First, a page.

At a time when there has been so much debate on whether a Chinese takeover of Taiwan would become the testing point of US power, Putin’s move on Ukraine appears to have given a highly uncomfortable answer, without Beijing having to do a thing.
Speaking about China at the National Press Club in November, Dutton said, “in my view, acquiescence or appeasement is a tactic that ends in a cul-de-sac of strategic misfortune or worse”. Australia should “call out actions that are destabilizing and contrary to the interests of Australia and the region”, he argued:
“While the current debate is about Taiwan, the analysis must be more honest. Yes there would be a terrible price of action, but the analysis must also extend to the price of inaction. If Taiwan is taken, surely the Senkakus are next. Please don’t rely on your imagination. The Chinese government could not be any clearer; not always with their words, but certainly with their actions.”
This week’s events mean we really don’t need to rely too much on our imaginations to envisage an aggressive takeover of another country.
The reality is always sobering, much more sobering, than the prospect.
But this week’s events also serve as a reminder that while tough talk may well be worthwhile, it doesn’t necessarily stop events. And they also provide a clear warning that we can’t presume the United States will always step up, or that we can simply follow its lead.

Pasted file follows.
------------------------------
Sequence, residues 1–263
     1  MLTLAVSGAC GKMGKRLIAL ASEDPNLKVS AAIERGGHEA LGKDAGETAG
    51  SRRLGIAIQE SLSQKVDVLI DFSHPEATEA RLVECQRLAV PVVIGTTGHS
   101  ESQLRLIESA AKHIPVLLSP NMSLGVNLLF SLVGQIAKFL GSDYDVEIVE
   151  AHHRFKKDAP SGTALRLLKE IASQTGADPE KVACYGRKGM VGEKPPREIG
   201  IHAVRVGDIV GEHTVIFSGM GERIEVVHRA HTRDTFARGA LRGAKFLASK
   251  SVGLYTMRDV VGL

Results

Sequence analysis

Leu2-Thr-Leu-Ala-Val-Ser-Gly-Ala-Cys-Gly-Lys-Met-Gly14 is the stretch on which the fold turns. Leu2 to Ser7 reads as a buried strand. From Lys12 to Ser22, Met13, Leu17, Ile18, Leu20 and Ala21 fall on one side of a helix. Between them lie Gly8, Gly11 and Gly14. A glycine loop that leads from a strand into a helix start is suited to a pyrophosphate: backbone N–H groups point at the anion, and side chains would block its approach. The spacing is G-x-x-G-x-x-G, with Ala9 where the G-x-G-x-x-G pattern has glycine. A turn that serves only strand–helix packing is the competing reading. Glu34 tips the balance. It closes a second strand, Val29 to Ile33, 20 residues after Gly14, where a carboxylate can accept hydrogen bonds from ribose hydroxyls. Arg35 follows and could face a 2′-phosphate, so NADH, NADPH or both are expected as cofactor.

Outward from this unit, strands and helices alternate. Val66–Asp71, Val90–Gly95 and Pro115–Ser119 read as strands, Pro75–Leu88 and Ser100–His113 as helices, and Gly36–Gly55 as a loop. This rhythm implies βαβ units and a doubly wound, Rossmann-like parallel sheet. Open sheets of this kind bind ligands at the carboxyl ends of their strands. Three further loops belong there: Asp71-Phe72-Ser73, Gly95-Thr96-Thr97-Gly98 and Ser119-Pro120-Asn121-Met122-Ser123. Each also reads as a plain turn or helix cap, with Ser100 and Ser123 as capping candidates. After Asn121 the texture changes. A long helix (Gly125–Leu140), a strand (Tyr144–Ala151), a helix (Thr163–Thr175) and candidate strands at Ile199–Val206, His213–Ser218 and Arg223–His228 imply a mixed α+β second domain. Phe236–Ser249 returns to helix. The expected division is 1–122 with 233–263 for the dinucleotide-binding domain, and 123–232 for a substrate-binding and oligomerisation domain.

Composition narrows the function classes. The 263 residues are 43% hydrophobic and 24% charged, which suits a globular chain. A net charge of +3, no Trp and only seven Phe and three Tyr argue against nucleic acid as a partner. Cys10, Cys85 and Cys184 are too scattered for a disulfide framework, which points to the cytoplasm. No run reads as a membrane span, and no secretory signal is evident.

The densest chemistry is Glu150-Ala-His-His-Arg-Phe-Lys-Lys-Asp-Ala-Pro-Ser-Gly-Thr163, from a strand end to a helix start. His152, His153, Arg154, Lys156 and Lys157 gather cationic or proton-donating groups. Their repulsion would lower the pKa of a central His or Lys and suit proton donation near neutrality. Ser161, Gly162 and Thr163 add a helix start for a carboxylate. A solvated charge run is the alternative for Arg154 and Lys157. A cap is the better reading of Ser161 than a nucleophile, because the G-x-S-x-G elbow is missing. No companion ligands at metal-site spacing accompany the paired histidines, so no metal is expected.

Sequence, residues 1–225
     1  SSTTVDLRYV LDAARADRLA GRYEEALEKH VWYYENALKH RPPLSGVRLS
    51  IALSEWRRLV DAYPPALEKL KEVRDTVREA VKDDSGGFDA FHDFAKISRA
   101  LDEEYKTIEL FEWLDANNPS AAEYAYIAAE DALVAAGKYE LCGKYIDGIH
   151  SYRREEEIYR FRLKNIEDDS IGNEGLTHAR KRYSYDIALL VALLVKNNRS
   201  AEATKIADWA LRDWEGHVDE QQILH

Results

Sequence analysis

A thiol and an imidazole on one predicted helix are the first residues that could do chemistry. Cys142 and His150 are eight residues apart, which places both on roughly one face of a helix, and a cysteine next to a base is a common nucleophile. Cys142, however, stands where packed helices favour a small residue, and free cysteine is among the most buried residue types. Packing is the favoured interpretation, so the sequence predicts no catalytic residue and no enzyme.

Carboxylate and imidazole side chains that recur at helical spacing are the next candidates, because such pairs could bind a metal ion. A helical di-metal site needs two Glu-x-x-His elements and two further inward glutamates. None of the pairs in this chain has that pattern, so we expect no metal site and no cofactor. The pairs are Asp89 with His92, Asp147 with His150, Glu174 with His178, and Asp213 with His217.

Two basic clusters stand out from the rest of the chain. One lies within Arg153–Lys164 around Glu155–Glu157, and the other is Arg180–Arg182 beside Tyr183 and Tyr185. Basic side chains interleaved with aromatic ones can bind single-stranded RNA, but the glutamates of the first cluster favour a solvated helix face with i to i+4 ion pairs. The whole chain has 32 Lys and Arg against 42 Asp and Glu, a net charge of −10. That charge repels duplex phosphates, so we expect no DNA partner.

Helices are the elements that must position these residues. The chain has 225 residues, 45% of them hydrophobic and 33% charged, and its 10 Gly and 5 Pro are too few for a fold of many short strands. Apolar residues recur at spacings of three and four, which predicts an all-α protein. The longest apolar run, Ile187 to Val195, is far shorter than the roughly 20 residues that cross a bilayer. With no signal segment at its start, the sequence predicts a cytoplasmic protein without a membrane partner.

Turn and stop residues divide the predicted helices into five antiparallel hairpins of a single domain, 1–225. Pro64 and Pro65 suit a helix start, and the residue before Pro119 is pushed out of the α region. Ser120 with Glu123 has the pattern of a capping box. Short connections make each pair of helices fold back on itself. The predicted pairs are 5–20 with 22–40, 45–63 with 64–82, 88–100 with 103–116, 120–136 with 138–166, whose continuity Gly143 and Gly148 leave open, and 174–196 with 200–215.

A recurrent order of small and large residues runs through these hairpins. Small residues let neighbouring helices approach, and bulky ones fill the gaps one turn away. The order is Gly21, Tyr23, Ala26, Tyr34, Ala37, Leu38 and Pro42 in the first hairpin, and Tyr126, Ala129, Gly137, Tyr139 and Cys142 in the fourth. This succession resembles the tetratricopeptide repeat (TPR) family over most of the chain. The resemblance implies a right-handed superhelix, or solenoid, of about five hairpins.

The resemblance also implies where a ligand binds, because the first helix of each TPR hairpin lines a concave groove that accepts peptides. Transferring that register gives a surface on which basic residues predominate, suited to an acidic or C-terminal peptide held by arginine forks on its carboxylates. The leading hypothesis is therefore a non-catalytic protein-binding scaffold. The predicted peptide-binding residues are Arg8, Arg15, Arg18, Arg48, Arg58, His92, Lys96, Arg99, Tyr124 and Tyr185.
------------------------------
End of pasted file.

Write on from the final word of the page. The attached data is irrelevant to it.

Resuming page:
How will war influence the federal election?
Most of the Press Club questions to Dutton last November were about whether Australia should, or would, follow the US into a conflict over Taiwan.
After this week, the alternative question should be even louder: What would happen if the US didn’t enter such a conflict?
Dutton has been the figure espousing the most aggressive line against China, even as the PM has recently stepped up his rhetoric to attack Labor.
The rhetoric reflects deeply held concerns, and a deeply held strategic view, about our regional situation — not just in the government but across the political spectrum and within the national security community.
But it has, of late, also had a sharp political edge.
Against the backdrop of the rapidly evolving situation in Ukraine, it is worth contemplating the specter of war on the climate in which the federal election will be held, particularly given the Coalition’s belligerent line on national security.
This is a different war to some that have served as backdrops to elections in the past. It is a war that does not directly threaten Australia. It is one in which we are not taking any direct role.
This week’s Essential poll, published in The Guardian (and which predates the invasion of Ukraine), showed a majority of voters see China and our bilateral relationship as a complex issue to be managed, rather than a threat to be confronted and, significantly, that more voters trust Labor than the Coalition to manage that complexity.
That is perhaps not an outcome that would have been expected given the political attack of recent weeks.
It suggests national security was not playing out exactly as planned before the invasion of Ukraine. In turn, that suggests there are good reasons to keep politics out of the continuing domestic discussion of this grim and horrendous war on the other side of the world.
Laura Tingle is 7.30’s chief political correspondent.